In the wake of social media and easily manipulated images, the ability for a single image to speak in a straightforward and uncomplicated manner has vastly diminished. The rise of Truthers who maintain that documentary images signify exactly the opposite of what they appear to show (be it the World Trade Center collapse or the Sandy Hook shootings), and the ability of hoaxers to spread viral images during catastrophes (sharks swimming in the New York Stock Exchange during Hurricane Sandy) has made it almost impossible for a photograph to convey a single, unequivocal message. Any simple correlation between an image and its truth is shattered (if it ever existed at all), and the image of the disaster no longer has any real capacity to shock a population into awareness, let alone empathy.

If the mask is the closest marker we have to an objective, undeniable presence of Covid-19, to refuse this unique identifier is to refuse the plague altogether

Covid-19, you could say, does not belong to the previous category of pandemics from the Black Death to AIDS, as much as to a more recent group of maladies: diseases like Chronic Fatigue Syndrome, Gulf War Related Illness, and Chronic Lyme Disease — sometimes classed as “Contested Illnesses,” ailments that are not immediately visible to the medical gaze but which are experienced as real by their sufferers nonetheless. They are diseases which, in Joseph Dumit’s words, “you have to fight to get,” those which require arguing with doctors until a positive diagnosis is achieved (or turning to alternative medical practices for treatment).

Invisible and at times elusive, Covid-19’s symptoms are varied and sometimes unrecognizable, and its reach is subject to constant political revision. For every documented death accompanied by a positive diagnosis, there are an unknown quantity of deaths at home, deaths of Covid-19 that did not include a positive diagnosis, deaths by opportunistic diseases complicated by undiagnosed Covid-19. This combination of bureaucratic incompetence, politicized suppression of numbers, and failure of an overwhelmed medical infrastructure, has resulted in grieving families left having to fight for recognition that their loved ones’ deaths were due to Covid-19. It is a disease marked as much by absence as presence: the absence of tests to detect pathogens in the body, the absence of medically recognized vectors or symptoms clusters, the absence of a positive diagnosis, the absence of insurance reimbursement for treatment.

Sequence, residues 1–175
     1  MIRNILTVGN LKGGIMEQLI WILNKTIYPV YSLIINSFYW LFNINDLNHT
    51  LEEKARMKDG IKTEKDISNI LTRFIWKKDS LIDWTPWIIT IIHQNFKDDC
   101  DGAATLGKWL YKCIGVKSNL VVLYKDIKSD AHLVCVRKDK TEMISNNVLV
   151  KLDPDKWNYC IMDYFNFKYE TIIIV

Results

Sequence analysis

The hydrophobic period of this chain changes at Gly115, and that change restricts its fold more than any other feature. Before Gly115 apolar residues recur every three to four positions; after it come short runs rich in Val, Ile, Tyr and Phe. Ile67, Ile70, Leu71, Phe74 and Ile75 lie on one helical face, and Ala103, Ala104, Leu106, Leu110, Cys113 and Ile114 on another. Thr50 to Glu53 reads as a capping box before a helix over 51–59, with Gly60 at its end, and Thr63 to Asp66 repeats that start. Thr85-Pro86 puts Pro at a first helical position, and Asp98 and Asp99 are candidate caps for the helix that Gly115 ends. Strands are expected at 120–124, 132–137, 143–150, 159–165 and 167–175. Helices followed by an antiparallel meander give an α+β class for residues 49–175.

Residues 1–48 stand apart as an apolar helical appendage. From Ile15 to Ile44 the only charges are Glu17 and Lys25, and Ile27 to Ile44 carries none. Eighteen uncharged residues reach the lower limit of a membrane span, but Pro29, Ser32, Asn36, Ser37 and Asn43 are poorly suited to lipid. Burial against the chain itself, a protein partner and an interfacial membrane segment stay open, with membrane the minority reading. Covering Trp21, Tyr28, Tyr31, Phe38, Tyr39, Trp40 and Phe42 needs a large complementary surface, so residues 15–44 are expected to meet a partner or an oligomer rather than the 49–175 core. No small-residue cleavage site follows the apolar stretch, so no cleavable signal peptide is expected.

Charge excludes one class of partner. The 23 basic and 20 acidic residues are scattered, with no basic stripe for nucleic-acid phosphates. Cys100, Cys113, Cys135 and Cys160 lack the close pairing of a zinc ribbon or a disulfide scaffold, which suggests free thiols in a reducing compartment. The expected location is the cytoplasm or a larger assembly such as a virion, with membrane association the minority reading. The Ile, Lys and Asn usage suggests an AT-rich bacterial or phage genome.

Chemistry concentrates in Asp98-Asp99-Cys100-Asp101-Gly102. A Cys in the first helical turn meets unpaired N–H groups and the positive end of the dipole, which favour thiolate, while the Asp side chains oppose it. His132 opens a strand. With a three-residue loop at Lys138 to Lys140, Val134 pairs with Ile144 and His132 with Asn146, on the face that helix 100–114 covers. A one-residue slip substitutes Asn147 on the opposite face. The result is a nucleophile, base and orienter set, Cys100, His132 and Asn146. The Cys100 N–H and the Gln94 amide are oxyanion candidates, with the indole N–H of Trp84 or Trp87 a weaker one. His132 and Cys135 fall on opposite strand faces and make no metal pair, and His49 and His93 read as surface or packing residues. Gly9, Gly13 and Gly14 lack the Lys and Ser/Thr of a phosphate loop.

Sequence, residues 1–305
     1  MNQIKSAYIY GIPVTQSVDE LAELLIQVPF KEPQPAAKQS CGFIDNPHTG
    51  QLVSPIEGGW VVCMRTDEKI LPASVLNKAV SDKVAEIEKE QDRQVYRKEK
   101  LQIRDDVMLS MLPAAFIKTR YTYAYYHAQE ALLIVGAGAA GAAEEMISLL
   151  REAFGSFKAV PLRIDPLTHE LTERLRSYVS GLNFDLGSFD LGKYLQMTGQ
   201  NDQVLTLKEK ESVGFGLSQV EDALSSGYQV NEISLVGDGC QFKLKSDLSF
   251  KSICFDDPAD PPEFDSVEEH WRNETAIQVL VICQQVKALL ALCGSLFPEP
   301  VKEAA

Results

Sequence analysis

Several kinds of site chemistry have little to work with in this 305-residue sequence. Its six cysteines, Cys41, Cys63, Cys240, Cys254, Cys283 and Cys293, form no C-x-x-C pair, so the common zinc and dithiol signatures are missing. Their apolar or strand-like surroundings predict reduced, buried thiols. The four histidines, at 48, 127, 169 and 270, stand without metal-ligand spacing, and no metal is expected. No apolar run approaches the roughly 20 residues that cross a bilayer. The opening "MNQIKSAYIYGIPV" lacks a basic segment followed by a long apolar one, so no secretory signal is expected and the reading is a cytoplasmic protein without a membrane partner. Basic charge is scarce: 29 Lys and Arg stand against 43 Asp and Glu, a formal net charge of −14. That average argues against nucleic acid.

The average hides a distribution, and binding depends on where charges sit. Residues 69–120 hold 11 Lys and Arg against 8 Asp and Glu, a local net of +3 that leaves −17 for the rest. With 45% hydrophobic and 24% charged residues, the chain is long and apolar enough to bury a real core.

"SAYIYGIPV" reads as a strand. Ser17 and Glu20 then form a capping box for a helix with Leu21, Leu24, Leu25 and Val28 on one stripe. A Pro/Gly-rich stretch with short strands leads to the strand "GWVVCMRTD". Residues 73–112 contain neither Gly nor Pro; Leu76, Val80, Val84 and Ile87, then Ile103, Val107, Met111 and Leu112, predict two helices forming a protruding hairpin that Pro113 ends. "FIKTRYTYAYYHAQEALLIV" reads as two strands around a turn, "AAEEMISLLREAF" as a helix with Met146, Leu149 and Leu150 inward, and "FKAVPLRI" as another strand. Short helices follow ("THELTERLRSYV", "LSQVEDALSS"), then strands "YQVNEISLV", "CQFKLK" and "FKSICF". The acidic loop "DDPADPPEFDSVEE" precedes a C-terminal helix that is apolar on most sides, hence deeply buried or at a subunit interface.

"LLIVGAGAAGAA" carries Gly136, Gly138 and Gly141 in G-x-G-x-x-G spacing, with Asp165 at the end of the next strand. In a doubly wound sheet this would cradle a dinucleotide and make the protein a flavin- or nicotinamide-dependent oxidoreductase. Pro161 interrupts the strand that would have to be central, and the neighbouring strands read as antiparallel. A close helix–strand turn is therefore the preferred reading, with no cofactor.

In such a contested space, there is a newfound political power in denial. David Abrams, a clinical psychologist and professor of social and behavioral science at New York University’s School of Global Public Health, argues that people refusing to wear masks may be in part acting out of a refusal to admit that they’re frightened by this new, invisible enemy (“Putting on that mask is about as blatant as saying, ‘Hey, I’m a scaredy cat,’’ he told CNN), as well as an attempt to deny the reality of the moment: “If everybody started wearing masks, suddenly, the old way of life is gone. You’ve suddenly admitted that this is the new normal. But you don’t want to believe that.” The maskless face has become its own kind of terrible signifier, of a community bonded over their refusal to believe in the invisible menace all around them, forging a social bond in a time of uncertainty and anxiety. If the mask is the closest marker we have to an objective, undeniable presence of Covid-19, to refuse this unique identifier is to refuse the plague altogether.

We seem to be torn; on the one hand, there are those struggling to find some way to manifest the scope of the tragedy — the cover page of the Sunday, May 24, 2020 issue of the New York Times lists 1,000 victims of the Coronavirus in a sobering rollcall that takes up the entire front page and two more inside. Such strategies are, for now, at best provisional (the Times lists only one percent of the total, and thus can’t convey the staggering weight of the loss of life) and will require a constant reimagination and revision.

On the other is a segment of culture who seem to think that by refusing such visualizations, they can make the disease disappear altogether. This kind of magical thinking, of course, still leaves these individuals acutely vulnerable.

Colin Dickey is the author of, most recently, Ghostland: An American History in Haunted Places, and the forthcoming The Unidentified: Mythical Monsters, Alien Encounters, and Our Obsession with the Unexplained.